A delegation of 60 British top academics will visit Israel this week to launch a groundbreaking program to promote collaboration between the two countries in regenerative medicine.
Over 250 people will participate in the first UK-Israel Regenerative Medicine Conference at Ben-Gurion University of the Negev on November 22-23, with millions of people who have suffered major trauma, heart disease and Parkinson’s disease standing to benefit from this first-ever gathering of specialists.
Regenerative Medicine aims to restore the function of tissues and organs using a variety of approaches including cell therapy, tissue engineering, gene therapy and biomedical engineering.
Both Israel and the UK are recognized as world leaders in this cutting-edge area of medicine.
The conference is the inaugural event of the BIRAX – Regenerative Medicine Initiative, a five-year program that aims to raise £10 million (about $16 million) and will give generous support to 15 joint high quality UK-Israel research projects. Projects will be selected by an expert panel and approved by the UK-Israel Life Sciences Council.
“Britain and Israel are natural partners in regenerative medicine,” says British Ambassador to Israel Matthew Gould. “The UK is a world leader in science – we have four of the world’s top 10 universities – and Israel is a scientific powerhouse. We can achieve much more together than we can apart.
“My hope is that this conference leads to a surge of collaborations between British and Israeli scientists, with the UK-Israel Regenerative Medicine program stimulating ground-breaking research projects.”
‘Potential to make real scientific breakthroughs’
BIRAX was originally launched in 2008 by the British and Israeli prime ministers and is managed by the British Council Israel. It aims to enhance research and academic cooperation, creating new institutional links for the future and strengthening academic links between universities in the UK.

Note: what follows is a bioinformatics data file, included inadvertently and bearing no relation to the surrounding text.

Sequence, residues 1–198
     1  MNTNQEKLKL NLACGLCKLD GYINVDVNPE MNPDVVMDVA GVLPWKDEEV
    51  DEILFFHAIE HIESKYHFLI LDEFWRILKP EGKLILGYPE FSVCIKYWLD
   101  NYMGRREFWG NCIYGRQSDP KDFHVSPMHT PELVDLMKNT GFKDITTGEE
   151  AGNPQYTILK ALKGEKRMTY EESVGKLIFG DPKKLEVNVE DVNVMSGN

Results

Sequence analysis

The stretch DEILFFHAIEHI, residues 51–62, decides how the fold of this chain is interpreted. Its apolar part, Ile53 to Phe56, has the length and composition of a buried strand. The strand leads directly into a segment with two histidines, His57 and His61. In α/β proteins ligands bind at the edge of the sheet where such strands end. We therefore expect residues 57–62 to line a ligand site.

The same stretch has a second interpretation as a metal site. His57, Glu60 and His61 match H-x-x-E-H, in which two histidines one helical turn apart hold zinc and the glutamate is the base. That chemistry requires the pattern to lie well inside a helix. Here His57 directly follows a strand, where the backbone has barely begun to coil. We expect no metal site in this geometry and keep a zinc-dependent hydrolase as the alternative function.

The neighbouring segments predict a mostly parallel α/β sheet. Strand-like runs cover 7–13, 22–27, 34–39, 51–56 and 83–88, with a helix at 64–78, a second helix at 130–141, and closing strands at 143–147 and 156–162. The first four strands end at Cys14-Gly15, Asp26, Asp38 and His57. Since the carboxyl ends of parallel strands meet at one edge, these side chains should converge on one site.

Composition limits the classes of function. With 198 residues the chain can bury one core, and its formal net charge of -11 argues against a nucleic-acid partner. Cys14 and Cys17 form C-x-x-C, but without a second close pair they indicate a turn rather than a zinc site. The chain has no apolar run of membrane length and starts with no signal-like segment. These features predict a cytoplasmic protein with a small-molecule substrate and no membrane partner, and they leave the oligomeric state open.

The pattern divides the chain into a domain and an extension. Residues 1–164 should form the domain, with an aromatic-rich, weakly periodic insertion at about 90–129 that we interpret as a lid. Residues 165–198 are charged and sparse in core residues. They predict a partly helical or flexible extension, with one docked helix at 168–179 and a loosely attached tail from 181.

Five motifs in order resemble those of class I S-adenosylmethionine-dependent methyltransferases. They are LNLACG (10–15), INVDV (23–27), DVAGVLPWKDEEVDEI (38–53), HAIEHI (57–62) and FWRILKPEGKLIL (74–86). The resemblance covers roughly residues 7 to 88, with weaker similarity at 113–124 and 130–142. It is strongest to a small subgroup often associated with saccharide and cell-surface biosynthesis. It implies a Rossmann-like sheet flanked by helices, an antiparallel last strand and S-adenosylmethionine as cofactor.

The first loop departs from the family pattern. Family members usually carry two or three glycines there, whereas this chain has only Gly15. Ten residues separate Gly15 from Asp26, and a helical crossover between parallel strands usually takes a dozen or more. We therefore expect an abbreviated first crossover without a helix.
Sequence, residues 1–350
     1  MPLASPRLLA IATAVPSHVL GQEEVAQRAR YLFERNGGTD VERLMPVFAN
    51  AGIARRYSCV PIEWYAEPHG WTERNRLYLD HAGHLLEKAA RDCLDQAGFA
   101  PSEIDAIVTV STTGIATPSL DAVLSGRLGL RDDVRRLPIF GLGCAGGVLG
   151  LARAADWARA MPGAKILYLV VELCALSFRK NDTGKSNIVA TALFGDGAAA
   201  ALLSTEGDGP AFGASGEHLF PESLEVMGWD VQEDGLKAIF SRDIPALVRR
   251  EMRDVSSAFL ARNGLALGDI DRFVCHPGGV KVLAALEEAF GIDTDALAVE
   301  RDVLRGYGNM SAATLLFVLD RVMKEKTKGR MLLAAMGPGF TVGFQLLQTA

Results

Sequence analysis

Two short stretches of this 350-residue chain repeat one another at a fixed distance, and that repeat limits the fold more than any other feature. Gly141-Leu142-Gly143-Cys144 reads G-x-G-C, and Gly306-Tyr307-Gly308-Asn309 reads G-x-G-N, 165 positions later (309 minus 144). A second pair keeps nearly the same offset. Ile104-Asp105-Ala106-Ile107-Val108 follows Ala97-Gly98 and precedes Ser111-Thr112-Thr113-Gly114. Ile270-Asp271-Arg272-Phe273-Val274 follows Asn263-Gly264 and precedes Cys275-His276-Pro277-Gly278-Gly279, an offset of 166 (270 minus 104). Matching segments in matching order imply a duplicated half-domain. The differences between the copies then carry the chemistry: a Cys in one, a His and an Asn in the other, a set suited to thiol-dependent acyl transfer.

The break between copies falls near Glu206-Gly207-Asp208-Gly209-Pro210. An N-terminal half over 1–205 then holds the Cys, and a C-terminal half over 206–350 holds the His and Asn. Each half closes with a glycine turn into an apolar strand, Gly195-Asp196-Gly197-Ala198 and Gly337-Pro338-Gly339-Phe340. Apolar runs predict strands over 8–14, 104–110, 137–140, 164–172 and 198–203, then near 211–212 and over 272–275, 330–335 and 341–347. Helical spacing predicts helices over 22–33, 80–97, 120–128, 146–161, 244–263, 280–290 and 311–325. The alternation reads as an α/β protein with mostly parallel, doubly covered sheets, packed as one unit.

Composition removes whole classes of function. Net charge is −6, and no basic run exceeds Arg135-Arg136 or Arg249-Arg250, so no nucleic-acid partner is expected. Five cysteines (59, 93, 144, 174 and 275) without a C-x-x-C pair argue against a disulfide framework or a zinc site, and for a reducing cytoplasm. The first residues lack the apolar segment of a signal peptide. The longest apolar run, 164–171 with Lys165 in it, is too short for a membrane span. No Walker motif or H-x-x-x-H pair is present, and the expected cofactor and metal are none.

Dr Simon Kay, director at the British Council’s Israel office, says: “We believe this project has potential to make real scientific breakthroughs. Science is an incredibly strong tool for celebrating and sharing the immense intellectual prowess of both our countries and is one of the cornerstones of our work here in Israel.”
The UK-Israel Life Sciences Council – a group of 19 top scientists from both countries which met for the first time in Jerusalem in January 2011 – decided that the BIRAX program should focus on the area of regenerative medicine.
This senior group of scientists includes four Nobel Prize winners, three members of the House of Lords, presidents of universities, and some of the most distinguished scientists in the world.
The Pears Foundation and the UJIA, as well as the British and Israel governments are among the supporters of the program.
The conference expert committee will be jointly chaired by Lord Naren Patel (University of Dundee) and Prof. Benjamin Geiger (Weizmann Institute of Science), with Prof. Smadar Cohen (Ben-Gurion University of the Negev) and Prof. Chris Mason (University College London).
Conference sessions will include cell therapy, stem cell biology, tissue engineering, biomedical engineering and gene therapy, giving British and Israeli researchers the opportunity to develop collaboration.